SF Fed Says Mary Daly's Comments on Inflation Taken Out of Context
Let Americans eat cake!
Mary Daly, the San Francisco Fed president, faced criticism online after appearing to brush off the impact that soaring inflation has on the average American.
She took part in an interview with Reuters on Twitter and was asked about the impact that inflation has had on her personal life. ZeroHedge reported that Daly pulls in $422,900 per year.
She said she does not feel the pain of inflation anymore.
“I see prices rising but I have enough. I sometimes balk at the price of things, but I don't find myself in a space where I have to make tradeoffs because I have enough, and many Americans have enough," she said.
This week’s Trends Journal describes the hardship that millions Americans face due to inflation.
Daly seems to be doing fine.
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Reuters reported that she sold dozens of securities that she held in an account with her spouse that “were completed at the end of the year, as the Fed was writing the new rules but before they were finalized in February.”
Daly's forms show she sold 70 different securities at the end of 2021, nearly all of which were valued in the range of $1,001-$50,000. Her holdings in one corporate bond fund was given as between $50,001 and $250,000.
Daly has been wrong on inflation as recently as November.
She told CBS’s “Face the Nation” in October that soaring prices were due to supply bottlenecks and COVID-19 disruptions and said she did not see inflation as a “long-term phenomenon.”
In November she talked about the negative impact of raising interest rates: “Reacting in response to things that aren’t likely to last will move us farther from – not closer to – our goals…In the face of unprecedented uncertainty, the best policy is recognizing the need to wait. Although this can be hard, in the end, patience is the bravest action we can take.”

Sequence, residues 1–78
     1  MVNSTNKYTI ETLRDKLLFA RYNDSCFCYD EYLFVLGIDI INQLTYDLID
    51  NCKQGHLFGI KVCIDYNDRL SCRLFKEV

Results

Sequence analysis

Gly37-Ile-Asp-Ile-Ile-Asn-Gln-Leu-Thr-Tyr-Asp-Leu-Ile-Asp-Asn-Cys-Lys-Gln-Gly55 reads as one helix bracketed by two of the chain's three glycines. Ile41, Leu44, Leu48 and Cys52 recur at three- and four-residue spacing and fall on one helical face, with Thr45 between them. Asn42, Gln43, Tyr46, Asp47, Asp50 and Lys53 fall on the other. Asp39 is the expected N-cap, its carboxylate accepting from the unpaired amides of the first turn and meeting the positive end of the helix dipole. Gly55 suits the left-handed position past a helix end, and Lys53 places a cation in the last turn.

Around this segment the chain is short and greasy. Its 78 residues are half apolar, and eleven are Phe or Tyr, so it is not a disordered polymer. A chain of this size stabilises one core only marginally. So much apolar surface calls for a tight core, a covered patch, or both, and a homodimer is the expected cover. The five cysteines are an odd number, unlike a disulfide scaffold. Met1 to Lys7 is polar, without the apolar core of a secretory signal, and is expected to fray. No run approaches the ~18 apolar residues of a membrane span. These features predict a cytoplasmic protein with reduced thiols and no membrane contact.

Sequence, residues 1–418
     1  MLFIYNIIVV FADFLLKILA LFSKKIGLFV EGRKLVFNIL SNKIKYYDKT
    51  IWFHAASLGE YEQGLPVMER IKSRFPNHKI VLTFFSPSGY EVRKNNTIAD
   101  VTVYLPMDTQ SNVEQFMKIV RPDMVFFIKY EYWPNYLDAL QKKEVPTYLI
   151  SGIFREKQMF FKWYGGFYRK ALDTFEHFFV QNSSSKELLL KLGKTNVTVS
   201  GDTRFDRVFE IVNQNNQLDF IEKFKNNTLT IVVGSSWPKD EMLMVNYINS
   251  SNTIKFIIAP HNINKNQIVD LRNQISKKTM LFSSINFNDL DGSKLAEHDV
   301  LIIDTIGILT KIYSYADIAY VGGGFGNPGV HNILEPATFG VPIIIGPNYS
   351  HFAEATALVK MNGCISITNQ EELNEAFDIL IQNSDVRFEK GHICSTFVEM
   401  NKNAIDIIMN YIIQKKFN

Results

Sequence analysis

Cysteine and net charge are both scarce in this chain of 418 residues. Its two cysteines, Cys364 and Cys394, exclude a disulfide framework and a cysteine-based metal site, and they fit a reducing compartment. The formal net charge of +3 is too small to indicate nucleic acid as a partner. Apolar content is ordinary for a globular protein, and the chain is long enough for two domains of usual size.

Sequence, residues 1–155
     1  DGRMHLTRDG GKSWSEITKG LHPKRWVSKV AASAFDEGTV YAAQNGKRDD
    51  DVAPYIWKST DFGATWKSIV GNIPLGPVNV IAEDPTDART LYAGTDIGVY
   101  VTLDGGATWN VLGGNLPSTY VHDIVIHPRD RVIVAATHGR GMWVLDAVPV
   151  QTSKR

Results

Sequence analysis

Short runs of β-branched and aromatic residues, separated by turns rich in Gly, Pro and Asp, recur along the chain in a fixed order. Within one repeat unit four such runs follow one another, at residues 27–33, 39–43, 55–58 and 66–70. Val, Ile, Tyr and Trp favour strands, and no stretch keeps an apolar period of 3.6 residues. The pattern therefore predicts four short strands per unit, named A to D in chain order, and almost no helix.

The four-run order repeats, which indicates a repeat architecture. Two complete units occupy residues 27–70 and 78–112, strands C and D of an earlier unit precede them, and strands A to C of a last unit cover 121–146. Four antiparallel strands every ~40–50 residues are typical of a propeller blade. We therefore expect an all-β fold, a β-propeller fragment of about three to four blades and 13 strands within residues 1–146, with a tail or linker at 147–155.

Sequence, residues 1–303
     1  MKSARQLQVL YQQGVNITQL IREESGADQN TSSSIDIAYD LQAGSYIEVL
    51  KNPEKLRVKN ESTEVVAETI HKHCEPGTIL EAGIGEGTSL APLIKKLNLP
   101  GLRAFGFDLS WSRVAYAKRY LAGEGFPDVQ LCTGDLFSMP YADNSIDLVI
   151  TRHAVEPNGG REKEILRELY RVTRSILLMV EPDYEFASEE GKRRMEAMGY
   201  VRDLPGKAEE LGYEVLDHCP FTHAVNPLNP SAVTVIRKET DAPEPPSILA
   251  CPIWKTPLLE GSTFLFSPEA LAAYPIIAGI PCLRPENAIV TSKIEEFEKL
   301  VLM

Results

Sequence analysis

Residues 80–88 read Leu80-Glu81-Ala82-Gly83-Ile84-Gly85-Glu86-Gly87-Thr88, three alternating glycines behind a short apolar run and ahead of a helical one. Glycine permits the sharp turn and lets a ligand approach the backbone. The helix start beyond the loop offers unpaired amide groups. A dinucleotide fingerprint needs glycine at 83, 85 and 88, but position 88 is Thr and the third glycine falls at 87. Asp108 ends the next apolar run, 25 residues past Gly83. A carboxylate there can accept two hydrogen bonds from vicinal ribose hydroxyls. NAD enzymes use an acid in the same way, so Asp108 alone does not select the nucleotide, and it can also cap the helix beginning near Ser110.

She made the comment after the annual inflation rate from a month prior hit 6.2 percent, which was the highest since 1990, Blockworks reported.
The San Francisco Fed told The Trends Journal that her comments were unfairly taken out of context and highlighted more of the conversation
“But … I recognize what it feels like when you don't have that situation when you live so close to the edge of your income. That raising prices actually forced real tradeoffs. You may not be able to go to the vacation you want you may end up you know instead camping or doing a staycation or eating your what you used to eat out to do you eat your hotel because you can't really afford getting there and then going out to dinner once you're at the hotel and I see all of that. So in my daily life, I see the rising prices, but I'm fine because I have a sufficient income to make those tradeoffs. For other people. That's not the case. And those are the people that this is so important for... It's just why I'm so resolute on getting inflation down. Those are the people we have to worry about.”
In the meantime, the New York Federal Reserve reported that household debt in the U.S. spiked to a new high, hitting above $16 trillion in the second quarter.
Enriching the Bankster Bandit’s credit card scam—whose average credit card interest rate is 19.13 percent for new offers and 15.1 percent for existing accounts, according to WalletHub—American’s credit card balances surged $46 billion in the last quarter... up 13 percent, and the largest spike in more than 20 years.
Four in 10 U.S. adults report they now find it “somewhat difficult” or “very difficult” to pay for normal household expenses, according to a U.S. Census Bureau survey taken in late June and early July.
That figure indicates that 90 million households are losing ground to inflation, 50 percent more than a year ago, the bureau noted, and the highest since it began asking the question in August 2020 as the COVID War intensified.